Thus, if someone who thought of Aardvark One International as being in any way a ‘traditional’ publisher — though it wasn’t, by any stretch of the imagination — and if that someone were mad at Dave Sim, but was making money selling Cerebus and didn’t wish to cut off their own nose to spite their face, there was only one visible perceived “easy target” for lashing out at Dave Sim.
So, back to the first of Dave’s massive Cerebus softcover reprint volumes, High Society.
For a number of reasons, High Society ended up not being sold through the Direct Sales Market via distributors like Diamond Comics or Capital City Distributors.
The only way to buy a copy of High Society was direct from Dave, via mail order or by phone or FAX using your credit card.
That initial printrun sold out in short order, sold out by April 1987.
Thus, Dave’s experiment in direct marketing was a great success.
This naturally made distributors and retailers envious and angry. They wanted to sell High Society — after all, hadn’t they “made” Cerebus? Weren’t they sustaining Cerebus via monthly sales?
So, Dave decided to test the waters for selling the second printing of High Society via direct order and via the Direct Sales Market.
However, if the latter were to come to pass, distributors would have to preorder a sufficient portion of the printrun — 5000 copies, to be precise.
Dave would even steer his customers to the Direct Sales Market.
[The following is ©1988, 2009 Bill Moulage; Bill, if you're out there, drop me a line, please. From Puma Blues #20, “Aardvark-Diamond Chronology,” “The Main Events,” pg. 18-19.]
At this point, it’s important to understand why Dave didn’t care to take any calls from anyone except Steve Geppi, founder and head honcho of Diamond Comics.
Dave was founder and publisher at Aardvark-Vanaheim — head honcho.
Head honchos talk to head honchos.
Bill Schanes could call Aardvark-Vanaheim and speak to Karen McKiel (at that time Aardvark-Vanaheim Administrator) all he wished, but Dave had nothing further to discuss with any representative of Diamond Comics.
Let’s say, for the sake of argument, I have a problem with DC Comics. Go ahead, stretch your imagination — it could happen, right? So I call DC and insist upon talking to Paul Levitz only.
Ha. Good one, that. Paul is not going to take my call. He’s got nothing to say to me. I’ve only in my lifetime only heard from Paul Levitz once (when I knew more about the movie production The Return of Swamp Thing than anyone else seemed to, because John Totleben and I had an inside contact in the special makeup-effects world.)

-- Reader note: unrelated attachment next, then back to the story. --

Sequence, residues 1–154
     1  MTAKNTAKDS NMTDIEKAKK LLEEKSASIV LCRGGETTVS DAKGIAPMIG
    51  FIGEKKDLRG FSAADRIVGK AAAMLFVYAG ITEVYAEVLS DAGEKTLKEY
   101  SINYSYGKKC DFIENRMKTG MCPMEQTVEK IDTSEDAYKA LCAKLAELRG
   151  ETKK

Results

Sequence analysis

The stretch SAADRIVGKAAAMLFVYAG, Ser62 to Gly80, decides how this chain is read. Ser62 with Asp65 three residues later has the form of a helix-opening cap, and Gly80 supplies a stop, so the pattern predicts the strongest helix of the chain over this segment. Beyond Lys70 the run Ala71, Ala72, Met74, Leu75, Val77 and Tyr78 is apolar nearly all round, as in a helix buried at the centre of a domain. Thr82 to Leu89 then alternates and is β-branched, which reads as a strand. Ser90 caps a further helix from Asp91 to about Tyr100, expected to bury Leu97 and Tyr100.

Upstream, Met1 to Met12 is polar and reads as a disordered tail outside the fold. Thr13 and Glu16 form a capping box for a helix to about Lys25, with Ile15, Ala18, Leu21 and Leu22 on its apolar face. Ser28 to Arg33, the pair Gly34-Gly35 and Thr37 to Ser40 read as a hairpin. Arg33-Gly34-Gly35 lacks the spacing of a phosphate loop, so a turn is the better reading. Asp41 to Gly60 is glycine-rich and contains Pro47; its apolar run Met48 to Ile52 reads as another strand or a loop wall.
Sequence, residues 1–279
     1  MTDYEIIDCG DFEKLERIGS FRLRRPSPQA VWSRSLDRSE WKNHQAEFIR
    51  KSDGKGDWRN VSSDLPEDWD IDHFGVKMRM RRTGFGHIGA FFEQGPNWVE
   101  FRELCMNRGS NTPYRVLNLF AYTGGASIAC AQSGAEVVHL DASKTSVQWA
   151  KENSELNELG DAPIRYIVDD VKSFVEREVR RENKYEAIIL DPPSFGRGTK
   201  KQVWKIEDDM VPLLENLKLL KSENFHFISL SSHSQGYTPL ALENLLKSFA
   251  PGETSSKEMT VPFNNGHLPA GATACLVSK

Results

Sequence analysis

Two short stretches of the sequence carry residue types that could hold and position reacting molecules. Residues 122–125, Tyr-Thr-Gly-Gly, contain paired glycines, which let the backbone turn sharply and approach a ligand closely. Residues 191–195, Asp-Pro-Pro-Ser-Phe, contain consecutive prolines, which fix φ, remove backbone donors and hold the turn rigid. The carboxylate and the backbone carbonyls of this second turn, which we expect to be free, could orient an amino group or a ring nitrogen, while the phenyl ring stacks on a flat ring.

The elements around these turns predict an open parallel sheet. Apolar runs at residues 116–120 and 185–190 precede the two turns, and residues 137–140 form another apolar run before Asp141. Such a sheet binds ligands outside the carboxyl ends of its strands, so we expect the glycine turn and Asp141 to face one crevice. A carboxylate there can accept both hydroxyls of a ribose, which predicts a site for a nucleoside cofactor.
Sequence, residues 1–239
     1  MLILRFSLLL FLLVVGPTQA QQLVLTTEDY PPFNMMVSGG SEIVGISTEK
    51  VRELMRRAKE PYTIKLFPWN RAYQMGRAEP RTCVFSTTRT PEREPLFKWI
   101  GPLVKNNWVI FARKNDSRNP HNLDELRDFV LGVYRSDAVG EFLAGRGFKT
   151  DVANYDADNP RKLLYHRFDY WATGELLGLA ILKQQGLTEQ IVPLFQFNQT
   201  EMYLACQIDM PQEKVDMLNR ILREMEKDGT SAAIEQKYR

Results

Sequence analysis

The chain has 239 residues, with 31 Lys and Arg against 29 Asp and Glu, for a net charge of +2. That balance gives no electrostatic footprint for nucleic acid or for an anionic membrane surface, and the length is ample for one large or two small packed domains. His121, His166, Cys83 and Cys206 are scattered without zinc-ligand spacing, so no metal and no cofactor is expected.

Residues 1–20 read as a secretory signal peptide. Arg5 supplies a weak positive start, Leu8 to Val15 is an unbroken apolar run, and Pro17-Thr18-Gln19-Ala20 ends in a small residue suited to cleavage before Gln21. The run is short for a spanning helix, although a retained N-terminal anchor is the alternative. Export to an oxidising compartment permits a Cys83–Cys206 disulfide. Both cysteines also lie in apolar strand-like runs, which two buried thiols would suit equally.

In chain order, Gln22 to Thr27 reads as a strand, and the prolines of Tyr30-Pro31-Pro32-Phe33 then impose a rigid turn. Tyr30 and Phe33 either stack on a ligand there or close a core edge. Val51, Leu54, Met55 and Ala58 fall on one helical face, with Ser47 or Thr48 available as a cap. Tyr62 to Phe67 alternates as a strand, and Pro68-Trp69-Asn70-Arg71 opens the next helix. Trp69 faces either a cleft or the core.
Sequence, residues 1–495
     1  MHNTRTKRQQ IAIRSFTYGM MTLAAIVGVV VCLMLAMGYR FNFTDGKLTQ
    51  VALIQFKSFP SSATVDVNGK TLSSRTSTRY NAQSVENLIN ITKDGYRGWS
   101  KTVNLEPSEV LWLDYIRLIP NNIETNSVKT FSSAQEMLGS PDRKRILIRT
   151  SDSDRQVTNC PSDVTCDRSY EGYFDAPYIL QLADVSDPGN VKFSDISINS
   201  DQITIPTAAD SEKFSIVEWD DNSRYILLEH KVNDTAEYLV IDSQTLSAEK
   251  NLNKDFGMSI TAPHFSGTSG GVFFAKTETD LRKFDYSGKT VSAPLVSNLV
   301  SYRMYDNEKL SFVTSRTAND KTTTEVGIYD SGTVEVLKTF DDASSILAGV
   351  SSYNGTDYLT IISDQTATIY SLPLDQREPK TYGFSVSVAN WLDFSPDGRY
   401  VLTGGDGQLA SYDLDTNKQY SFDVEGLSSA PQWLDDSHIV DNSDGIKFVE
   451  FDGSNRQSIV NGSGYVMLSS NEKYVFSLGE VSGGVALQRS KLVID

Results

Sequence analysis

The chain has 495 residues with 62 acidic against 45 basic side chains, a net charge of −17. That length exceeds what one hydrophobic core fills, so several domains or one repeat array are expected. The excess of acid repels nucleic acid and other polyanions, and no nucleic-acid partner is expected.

To this day, it’s almost impossible as a self-publisher to get any further up the chain-of-command with distributors than your appointed sales rep at the distributor. I could somehow get Tyrant back out there — had new issues to solicit. Let’s say, for the sake of argument, I could (though it’s my understanding that current Diamond rules wouldn’t make that possible). If I solicited S.R. Bissette’s Tyrant® today, and could not muster sales sufficient sales to be distributed by Diamond, I could not easily contact Steve Geppi — I might be able to muster a conversation or two with Diamond reps, maybe even banking on my name to work my way up the chain a bit — but I would not be able to speak to Steve Geppi. It’s not too likely.
Diamond has rules; under those rules, I’m out of luck.
Aarvark-Vanaheim set a threshold, Diamond didn’t sell enough copies in pre-order.
Distributors had to meet a numbers threshold for High Society‘s second print run to be sold through existing Direct Sales distribution. They didn’t.
So — as far as Dave was concerned, Dave had nothing to discuss with Bill Schanes or anyone at Diamond — unless, that is, Steve Geppi wanted to talk to Dave, head of one business firm to the head of another business firm.
Head honcho to head honcho.
If Steve didn’t want to talk to Dave, if Steve instead instructed one of his employees to call Dave, well, Dave had nothing to say to any ‘underling’ at Diamond. Steve Geppi’s employee could talk to Dave’s employee. End of conversation — before it even happened.
This may seem arcane or egotistical to some or many of you — but hey, Dave had a point. He was proprietor of Aardvark-Vanaheim; he was creator of Cerebus.
He was Steve Geppi’s equal and peer.
Bill Schanes was not.
In the 1980s, if you wanted to be treated with any measure of respect in the comics industry, you had to insist upon mutual respect. You had to define those parameters and rigorously maintain them.
If the head of Diamond needed something from the head of Aardvark-Vanaheim, he’d have to talk directly to the head of A-V.
Frustrated, Diamond employee/”underling” Bill Schanes issued a threat — so, Dave, we can’t carry High Society second printing?
You’re going to issue more of these fat $25 packages and not offer them to us?
We won’t carry Puma Blues, then.
Take that, Dave Sim!
This is business.
This is hardball, right?
Well, it’s also playground politics:
You won’t talk to me? You won’t bend to my will?
Those two kids you hang with, those two punks you publish, we’re going to beat them up.
(It’s a lot like Bush Administration foreign policy: Saudi renegades with box-cutters took out the World Trade Center, tried to take out the Pentagon, and were foiled aiming for the White House? Hmmmm, we’re allies with Saudi-Arabia — let’s attack Afghanistan. Let’s attack Iraq. Smaller countries, easily conquered — ya, that’s what we’ll do.)
Tired of this game, Dave went public.
As you might well imagine, a lot of us were paying attention to these events –
– particularly those of us about to be published by Dave Sim.
To be continued…